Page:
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Press Room


October 14, 2004

Implementing Reforms that Drop and Stop the Debt of the
Heavily Indebted Poor Countries
John B. Taylor
Under Secretary of Treasury for International Affairs
Remarks at the Poverty and Debt Relief Photo Exhibit
United States Senate
October 14, 2004

It is a pleasure to join you here today. I want to thank all of you for the help and advice that you have given to the Bush Administration, and the Treasury in particular, in our efforts to help poor countries address their serious debt problems, especially their debts to the international financial institutions. I have benefited from many interactions with you in my office at Treasury and elsewhere.

The Reform Agenda So Far

It was more than three years ago that President Bush--in a speech at the World Bank in July 2001--made a proposal that in his words "doesn't merely drop the debt; it stops the debt" of the poorest countries.  The proposal called for a dramatic increase in grant funding to the world's poorest countries from the multilateral development banks.

I recall the welcoming support that many of you gave to that proposal and the help you gave us in winning essential international support in a very tough and skeptical environment. It took about a year, but with this help, the Bush Administration was able to win broad international support and thereby substantially shift funding from loans to grants at IDA and the African Development Fund. And this summer we obtained agreement at the Asia Development Fund for substantially increased grant funding. The aim of the President's proposal was to augment the heavily indebted poor country program by reducing the amount of debt counties would accumulate in the future.

  Assessing Progress

Now, three years later, we are able to assess how this new grants program is working, and I have made several trips to Africa this year to do just that. Experts from the World Bank and from the U.S. Treasury have accompanied me on these trips. We visited schools, health care centers, and small village construction projects.  We traveled to some of the world's poorest rural villages (especially in Niger) and some of the world's worst urban slums (especially in Nairobi).  We talked with village chiefs, teachers, principals, nurses, doctors, AIDS patients, and school children and their parents.  We talked with finance ministers--Kaberuka of Rwanda, Mwiraria of Kenya, Zeine of Niger, and Diop of Senegal, Osafo-Maafo of Ghana, and Manuel of South Africa--and asked how they assessed the new grants programs from IDA and from the African Development Fund. We also met with health ministers and education ministers, and we interviewed World Bank people responsible for administering the programs.

I am happy to report that President Bush's new grants initiative is very popular and enormously well received in all the places we visited, especially by those in the heavily indebted countries.  They like how the grants deal with the debt problem.  But they also pointed to other advantages of grants, including fewer bureaucratic hurdles and a greater show of support by donors. The Health Minister in Rwanda (where the grants were for HIV/AIDs) was particularly appreciative of what he called the "Bush Grants."  The Education Minister in Kenya (where the grants are used to buy textbooks) said he was surprised, thrilled, and grateful that the World Bank had given grant support. The Finance Minister of Niger concluded our meeting by saying, "Long Live the Doctrine of Grants."  They all thanked the U.S. because they knew that these grants would not exist had President Bush not proposed them.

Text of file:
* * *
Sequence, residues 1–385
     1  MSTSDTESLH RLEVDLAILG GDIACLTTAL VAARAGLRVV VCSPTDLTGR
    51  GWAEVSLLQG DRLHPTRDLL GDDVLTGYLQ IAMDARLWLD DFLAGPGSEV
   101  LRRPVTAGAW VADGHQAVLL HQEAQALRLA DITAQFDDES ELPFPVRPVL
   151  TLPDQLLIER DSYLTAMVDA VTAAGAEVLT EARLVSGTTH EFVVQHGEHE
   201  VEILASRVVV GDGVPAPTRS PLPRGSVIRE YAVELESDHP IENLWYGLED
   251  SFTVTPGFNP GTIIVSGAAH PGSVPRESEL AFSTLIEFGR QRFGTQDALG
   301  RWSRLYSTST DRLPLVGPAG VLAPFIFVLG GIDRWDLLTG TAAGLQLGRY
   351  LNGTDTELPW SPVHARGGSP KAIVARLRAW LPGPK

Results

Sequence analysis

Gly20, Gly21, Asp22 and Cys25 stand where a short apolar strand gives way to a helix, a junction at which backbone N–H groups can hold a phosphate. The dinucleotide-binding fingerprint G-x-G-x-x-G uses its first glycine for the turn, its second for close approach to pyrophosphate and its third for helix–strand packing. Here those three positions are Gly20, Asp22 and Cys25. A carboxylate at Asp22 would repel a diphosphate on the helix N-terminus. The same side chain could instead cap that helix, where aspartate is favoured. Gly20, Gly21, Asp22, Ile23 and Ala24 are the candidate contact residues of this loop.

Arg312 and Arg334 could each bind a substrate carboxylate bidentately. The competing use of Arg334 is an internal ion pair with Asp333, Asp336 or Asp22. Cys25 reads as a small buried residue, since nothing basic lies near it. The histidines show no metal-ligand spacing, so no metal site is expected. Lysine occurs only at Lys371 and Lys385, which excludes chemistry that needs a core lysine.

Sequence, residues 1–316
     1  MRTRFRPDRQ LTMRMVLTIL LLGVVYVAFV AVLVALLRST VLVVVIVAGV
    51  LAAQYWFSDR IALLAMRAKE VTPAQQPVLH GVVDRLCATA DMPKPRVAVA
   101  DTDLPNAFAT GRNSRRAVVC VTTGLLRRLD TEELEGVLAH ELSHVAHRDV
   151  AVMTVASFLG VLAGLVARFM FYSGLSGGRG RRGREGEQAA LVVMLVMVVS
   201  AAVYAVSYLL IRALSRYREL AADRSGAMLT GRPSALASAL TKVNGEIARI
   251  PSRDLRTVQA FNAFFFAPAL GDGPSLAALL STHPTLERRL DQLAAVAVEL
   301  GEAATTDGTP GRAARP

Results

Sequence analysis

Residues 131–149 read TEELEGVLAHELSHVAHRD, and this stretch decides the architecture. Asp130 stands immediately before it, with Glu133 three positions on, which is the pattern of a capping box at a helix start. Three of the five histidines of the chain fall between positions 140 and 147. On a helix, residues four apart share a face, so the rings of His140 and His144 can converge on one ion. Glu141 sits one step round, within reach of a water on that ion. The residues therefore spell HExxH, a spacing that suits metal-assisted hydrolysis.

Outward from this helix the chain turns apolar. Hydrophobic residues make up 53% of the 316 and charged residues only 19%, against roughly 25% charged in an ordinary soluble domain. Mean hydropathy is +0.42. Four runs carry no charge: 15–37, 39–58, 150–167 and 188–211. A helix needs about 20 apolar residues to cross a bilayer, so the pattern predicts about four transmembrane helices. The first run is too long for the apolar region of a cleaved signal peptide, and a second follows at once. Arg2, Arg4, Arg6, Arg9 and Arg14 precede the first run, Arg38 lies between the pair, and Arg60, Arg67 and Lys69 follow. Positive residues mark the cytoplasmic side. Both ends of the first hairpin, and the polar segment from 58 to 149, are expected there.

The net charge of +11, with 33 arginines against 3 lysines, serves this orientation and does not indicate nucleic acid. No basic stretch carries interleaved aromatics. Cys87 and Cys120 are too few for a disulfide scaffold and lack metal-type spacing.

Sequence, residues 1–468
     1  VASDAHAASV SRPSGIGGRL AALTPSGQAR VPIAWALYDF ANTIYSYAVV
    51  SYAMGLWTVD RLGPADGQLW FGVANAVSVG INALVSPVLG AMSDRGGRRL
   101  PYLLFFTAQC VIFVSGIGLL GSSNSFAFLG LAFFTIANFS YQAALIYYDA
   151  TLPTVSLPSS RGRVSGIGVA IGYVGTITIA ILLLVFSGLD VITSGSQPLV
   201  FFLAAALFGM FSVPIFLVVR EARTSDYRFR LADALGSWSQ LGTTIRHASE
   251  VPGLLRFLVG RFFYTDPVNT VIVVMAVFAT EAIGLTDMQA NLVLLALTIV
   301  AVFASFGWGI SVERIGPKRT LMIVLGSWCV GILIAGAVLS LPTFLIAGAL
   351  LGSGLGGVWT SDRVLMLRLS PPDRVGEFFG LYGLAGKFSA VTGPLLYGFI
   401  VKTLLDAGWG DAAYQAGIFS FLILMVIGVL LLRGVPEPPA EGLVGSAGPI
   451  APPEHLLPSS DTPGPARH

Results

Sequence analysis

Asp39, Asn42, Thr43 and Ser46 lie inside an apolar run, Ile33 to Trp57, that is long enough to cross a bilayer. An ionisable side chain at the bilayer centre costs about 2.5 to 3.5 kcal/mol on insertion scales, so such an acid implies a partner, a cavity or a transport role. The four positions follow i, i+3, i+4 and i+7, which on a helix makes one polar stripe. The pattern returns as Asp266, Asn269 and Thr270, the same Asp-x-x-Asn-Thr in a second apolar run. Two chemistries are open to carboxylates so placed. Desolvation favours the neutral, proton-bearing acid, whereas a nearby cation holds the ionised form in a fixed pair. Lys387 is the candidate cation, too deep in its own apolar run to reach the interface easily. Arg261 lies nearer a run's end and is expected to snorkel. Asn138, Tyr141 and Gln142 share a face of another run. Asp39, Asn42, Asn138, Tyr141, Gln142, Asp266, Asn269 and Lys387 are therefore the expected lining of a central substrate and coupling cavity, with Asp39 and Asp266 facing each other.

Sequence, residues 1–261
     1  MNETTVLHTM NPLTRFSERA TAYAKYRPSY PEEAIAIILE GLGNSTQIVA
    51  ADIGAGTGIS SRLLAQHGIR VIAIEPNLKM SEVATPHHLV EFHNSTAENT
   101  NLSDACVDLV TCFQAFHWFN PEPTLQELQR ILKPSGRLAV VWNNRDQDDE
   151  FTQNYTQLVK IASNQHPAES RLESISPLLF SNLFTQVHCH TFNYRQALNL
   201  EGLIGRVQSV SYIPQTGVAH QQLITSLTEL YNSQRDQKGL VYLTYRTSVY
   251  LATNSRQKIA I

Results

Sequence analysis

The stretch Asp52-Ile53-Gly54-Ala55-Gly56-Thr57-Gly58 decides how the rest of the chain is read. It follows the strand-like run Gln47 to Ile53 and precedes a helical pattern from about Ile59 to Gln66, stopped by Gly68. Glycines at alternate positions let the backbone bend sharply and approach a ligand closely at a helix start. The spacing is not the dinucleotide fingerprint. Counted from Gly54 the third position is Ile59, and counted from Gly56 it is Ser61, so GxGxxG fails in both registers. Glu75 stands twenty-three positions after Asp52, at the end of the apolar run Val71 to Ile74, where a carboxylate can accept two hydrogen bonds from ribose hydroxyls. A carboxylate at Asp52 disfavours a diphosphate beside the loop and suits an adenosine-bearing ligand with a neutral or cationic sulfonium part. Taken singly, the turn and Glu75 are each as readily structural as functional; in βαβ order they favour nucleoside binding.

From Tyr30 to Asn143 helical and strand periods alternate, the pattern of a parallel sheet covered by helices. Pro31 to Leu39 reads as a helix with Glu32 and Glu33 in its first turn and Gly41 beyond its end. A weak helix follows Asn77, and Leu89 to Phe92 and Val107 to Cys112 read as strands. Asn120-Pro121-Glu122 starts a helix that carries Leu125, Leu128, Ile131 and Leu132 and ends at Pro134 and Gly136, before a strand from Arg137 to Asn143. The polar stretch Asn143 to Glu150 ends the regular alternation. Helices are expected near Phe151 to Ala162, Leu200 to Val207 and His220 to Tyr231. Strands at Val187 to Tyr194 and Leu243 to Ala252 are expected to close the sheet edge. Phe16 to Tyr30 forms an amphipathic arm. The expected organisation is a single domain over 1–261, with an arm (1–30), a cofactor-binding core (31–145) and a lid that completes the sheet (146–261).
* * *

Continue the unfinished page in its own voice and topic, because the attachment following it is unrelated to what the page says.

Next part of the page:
Next Steps: Completing the Reform Agenda

Based on this success we would like to work with the international community to implement additional reforms to help countries fully achieve debt sustainability.  Debt sustainability is a prerequisite for private investment, economic growth, and the reduction of poverty. In a nutshell, we need to complete the "drop the debt and stop the debt" vision put forth by President Bush at the start of his administration.

How do we do this?  As Secretary Snow indicated in a recent speech at the Bretton Woods Committee, we should help poor countries make their debt sustainable and we should not make loans (as they are made now) when it is highly probable that they will be forgiven.  To do so, we should substantially increase both grant financing and debt relief--up to 100 percent--from the international financial institutions.  Moving boldly in this way would give lagging countries an opportunity to wipe the slate clean and begin anew following a prudent and sustainable path to financing development. 

In addition, at the IMF we should create a new non-borrowing facility aimed at promoting strong country ownership.  Such a facility would allow the IMF to work with countries to set and assess policy benchmarks in the absence of further debt accumulation.  This would strengthen the IMF as an institution of international economic cooperation where each country assumes its responsibility for growth and stability.

As we engage with the international community, we must insist that no reform inadvertently causes a reduction in the funding for poor countries.  On the contrary, with these additional reforms we feel we can greatly improve the case for additional support for effective development assistance to the poorest countries, and thereby increase economic growth, reduce poverty, and improve the lives of people around the globe.

I am looking forward to working with you as we continue our reform agenda.